Numerous scientific studies provide strong evidence that antibiotic use on farms—as in any other setting—leads to the emergence of resistant bacteria.
A recent article I authored, together with several colleagues from The Pew Charitable Trusts’ antibiotic resistance project, systematically analyzes scientific evidence regarding the link between antibiotic use in animal agriculture and public health. Our review of the literature reaffirms what scientists have known for decades: Antibiotic use in animal agriculture, as in any setting, contributes to the emergence of resistance. While antibiotics are sometimes needed to protect animal health, these findings underscore the importance of discovering ways to minimize the need for antibiotics in food animals.
However, the connection between antibiotic use in animal agriculture and a public health risk caused by drug-resistant bacteria is a complex one, involving multiple steps and transmission routes, with various external factors able to influence how quickly resistance emerges.
Given this complexity, Pew’s analysis explores the essence of this issue in three key questions, synthesizing what is known and the strength of supporting evidence, and highlighting key areas where more information is needed.
- Does antibiotic use on farms and feedlots lead to the emergence of resistant bacteria? Yes.
Are resistant bacteria on farms or feedlots infecting humans? Yes.
- What’s known: Numerous scientific studies provide strong evidence that antibiotic use on farms—as in any other setting—leads to the emergence of resistant bacteria. This research includes randomized controlled trials in which some animals are given antibiotics under tightly controlled experimental conditions while others are not, and bacteria from the exposed and unexposed animals are monitored for the emergence of resistance. It also includes observational studies where researchers draw conclusions by comparing bacteria from animals that have received antibiotics on commercial operations to animals on comparable operations that did not.
- What’s missing: Although the link between antibiotic use and the emergence of resistance is clear, a number of data gaps remain. This makes predicting how quickly exposure to a given antibiotic will lead to resistant bacteria extremely difficult. For instance, some types of bacteria and antibiotics are more prone to the emergence of resistance than others, and sometimes discontinuing the use of an antibiotic leads to a rapid drop in resistance while in others it does not. Some evidence further suggests that how an antibiotic is administered, prior exposure to antibiotics, and other factors such as the type of feed may influence how quickly resistance emerges or disappears.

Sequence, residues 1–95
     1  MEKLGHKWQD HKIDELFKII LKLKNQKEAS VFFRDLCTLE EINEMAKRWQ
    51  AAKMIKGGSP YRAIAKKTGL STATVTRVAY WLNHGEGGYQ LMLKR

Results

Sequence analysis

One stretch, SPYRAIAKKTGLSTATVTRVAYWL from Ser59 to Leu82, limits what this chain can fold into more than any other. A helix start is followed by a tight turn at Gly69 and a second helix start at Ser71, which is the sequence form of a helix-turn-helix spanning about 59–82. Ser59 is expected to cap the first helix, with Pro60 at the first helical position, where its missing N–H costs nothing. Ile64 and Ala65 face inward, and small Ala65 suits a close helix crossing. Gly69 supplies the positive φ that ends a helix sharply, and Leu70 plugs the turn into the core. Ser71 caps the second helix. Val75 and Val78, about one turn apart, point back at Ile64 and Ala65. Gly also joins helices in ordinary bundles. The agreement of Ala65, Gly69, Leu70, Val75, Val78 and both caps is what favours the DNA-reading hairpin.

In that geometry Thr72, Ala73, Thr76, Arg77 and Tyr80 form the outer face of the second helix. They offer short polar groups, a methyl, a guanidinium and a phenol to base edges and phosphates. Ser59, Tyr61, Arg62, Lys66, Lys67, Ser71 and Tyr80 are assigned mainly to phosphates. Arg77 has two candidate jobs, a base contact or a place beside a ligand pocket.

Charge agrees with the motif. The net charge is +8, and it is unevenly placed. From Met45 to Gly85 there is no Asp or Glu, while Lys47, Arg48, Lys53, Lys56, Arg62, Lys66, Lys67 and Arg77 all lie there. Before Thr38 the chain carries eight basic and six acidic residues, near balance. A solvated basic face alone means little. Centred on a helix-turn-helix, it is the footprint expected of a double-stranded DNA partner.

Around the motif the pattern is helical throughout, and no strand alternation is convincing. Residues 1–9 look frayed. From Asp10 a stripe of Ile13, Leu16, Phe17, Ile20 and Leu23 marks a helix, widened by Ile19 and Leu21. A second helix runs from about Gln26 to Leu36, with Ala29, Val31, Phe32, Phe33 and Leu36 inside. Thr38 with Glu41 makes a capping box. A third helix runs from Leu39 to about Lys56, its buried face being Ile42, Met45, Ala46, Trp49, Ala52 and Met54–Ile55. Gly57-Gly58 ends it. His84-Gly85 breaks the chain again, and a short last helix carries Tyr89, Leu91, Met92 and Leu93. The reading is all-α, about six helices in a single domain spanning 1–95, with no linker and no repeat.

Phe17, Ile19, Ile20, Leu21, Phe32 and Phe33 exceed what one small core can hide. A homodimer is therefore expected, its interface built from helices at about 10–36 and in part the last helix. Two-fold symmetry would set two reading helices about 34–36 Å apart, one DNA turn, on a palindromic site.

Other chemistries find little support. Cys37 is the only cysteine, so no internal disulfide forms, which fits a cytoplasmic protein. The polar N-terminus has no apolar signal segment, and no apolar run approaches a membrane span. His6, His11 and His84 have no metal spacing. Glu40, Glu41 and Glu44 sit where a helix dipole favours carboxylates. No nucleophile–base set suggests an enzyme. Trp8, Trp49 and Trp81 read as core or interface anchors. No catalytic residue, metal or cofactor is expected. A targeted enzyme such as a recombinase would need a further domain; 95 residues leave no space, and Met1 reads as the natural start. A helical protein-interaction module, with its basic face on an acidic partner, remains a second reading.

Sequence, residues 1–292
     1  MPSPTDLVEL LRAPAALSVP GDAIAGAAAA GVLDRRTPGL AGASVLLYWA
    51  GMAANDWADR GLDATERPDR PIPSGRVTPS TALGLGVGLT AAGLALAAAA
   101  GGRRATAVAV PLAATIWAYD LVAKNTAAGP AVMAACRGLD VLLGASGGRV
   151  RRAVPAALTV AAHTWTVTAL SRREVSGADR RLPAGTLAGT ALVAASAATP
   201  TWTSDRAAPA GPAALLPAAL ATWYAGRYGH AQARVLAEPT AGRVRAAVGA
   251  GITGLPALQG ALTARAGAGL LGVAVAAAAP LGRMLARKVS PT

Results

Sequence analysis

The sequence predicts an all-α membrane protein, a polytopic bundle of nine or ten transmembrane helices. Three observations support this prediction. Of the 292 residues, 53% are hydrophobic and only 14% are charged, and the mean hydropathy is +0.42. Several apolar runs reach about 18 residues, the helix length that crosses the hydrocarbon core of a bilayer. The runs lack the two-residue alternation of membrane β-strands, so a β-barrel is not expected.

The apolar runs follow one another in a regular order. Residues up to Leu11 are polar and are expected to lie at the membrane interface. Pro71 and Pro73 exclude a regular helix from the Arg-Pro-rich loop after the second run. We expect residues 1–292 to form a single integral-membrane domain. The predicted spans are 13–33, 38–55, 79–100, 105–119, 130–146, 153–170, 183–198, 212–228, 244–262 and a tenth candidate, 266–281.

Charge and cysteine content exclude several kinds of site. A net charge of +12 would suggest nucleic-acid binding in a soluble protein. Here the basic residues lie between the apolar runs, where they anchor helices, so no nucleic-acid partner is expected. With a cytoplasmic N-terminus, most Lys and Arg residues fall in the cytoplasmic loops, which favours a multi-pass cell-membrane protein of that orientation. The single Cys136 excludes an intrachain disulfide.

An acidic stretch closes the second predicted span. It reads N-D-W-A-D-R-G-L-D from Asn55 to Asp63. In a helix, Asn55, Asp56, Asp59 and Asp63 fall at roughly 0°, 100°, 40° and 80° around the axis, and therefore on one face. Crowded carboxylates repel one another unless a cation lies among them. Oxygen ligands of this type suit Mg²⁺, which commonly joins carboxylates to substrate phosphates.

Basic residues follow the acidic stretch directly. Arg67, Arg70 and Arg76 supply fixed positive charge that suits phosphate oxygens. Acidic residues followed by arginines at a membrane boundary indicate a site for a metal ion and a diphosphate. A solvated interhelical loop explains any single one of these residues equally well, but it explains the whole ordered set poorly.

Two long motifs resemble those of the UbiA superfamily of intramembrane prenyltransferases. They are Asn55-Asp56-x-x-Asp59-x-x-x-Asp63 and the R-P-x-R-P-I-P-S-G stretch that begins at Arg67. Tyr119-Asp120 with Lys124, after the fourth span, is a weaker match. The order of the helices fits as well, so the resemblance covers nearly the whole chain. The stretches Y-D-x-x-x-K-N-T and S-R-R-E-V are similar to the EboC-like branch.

Are infections with these resistant bacteria worse than if the bacteria were not resistant? Yes.
- What’s known: A variety of studies provide strong evidence that resistant bacteria can be transferred from food-producing animals to humans through direct contact, food, or the environment. For instance, outbreaks of foodborne illness have been traced back to the original source on the farm, where the pathogen was found on the animals and/or in the environment.
Additionally, bacteria can readily share resistance traits with other types of bacteria, which has been demonstrated in test tubes, laboratory animals, and the gut of human volunteers. Consequently, resistance originating even in bacteria that are themselves harmless to humans can pose a public health risk.
- What’s missing: How important each of these transmission pathways is for public health largely remains to be determined. The proportion of resistant pathogens that emerged from harmless bacteria from animal-associated sources and that eventually make humans sick is also not known.
- What’s known: Strong epidemiological evidence demonstrates that infections with resistant foodborne bacteria such as Salmonella or Campylobacter lead to worse health outcomes, including a higher risk of hospitalization and death.
- What’s missing: Why the health outcomes are worse is not clear in all cases and may include delayed treatment onset or the need to choose a less-desirable antibiotic when the bacteria have become resistant to the preferred options. In some cases, resistant bacteria may also have other traits that make them more dangerous to humans.
Scientific findings show a relationship between antibiotic use on farms and a public health risk of drug-resistant infections in people, even if data to quantify the contribution of this compared to other sources, such as human health care, are not sufficient. In spite of the gaps in information, no doubt remains that antibiotic use in animal agriculture contributes to the problem of drug resistance and that these drugs must therefore be used judiciously.
Animal producers and other stakeholders have made important progress in recent years by taking steps such as eliminating the use of medically important antibiotics for growth promotion, expanding oversight by veterinary professionals, and advancing judicious use practices like antibiotic alternatives. But more work is needed to ensure that antibiotic use in livestock settings fully protects animal health while guaranteeing that these drugs remain effective for treating infections in both humans and animals for generations to come.
Karin Hoelzer is a senior officer in health programs supporting Pew’s safe food and antibiotic resistance projects.